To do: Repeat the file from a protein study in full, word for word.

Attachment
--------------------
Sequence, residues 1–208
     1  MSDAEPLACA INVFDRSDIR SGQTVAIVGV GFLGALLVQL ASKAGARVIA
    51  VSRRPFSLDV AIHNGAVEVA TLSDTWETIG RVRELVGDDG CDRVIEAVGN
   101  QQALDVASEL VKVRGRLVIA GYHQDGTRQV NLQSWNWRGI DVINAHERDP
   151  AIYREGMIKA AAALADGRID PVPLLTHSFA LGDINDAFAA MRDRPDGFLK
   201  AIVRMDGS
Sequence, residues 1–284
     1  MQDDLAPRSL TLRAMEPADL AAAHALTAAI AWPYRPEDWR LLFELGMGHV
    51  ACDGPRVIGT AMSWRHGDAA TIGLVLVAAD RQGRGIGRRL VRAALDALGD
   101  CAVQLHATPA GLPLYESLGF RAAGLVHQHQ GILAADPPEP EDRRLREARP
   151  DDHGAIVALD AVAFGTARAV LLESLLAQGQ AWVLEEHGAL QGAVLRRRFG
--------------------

Sequence, residues 1–208
     1  MSDAEPLACA INVFDRSDIR SGQTVAIVGV GFLGALLVQL ASKAGARVIA
    51  VSRRPFSLDV AIHNGAVEVA TLSDTWETIG RVRELVGDDG CDRVIEAVGN
   101  QQALDVASEL VKVRGRLVIA GYHQDGTRQV NLQSWNWRGI DVINAHERDP
   151  AIYREGMIKA AAALADGRID PVPLLTHSFA LGDINDAFAA MRDRPDGFLK
   201  AIVRMDGS
Sequence, residues 1–284
     1  MQDDLAPRSL TLRAMEPADL AAAHALTAAI AWPYRPEDWR LLFELGMGHV
    51  ACDGPRVIGT AMSWRHGDAA TIGLVLVAAD RQGRGIGRRL VRAALDALGD
   101  CAVQLHATPA GLPLYESLGF RAAGLVHQHQ GILAADPPEP EDRRLREARP
   151  DDHGAIVALD AVAFGTARAV LLESLLAQGQ AWVLEEHGAL QGAVLRRRFG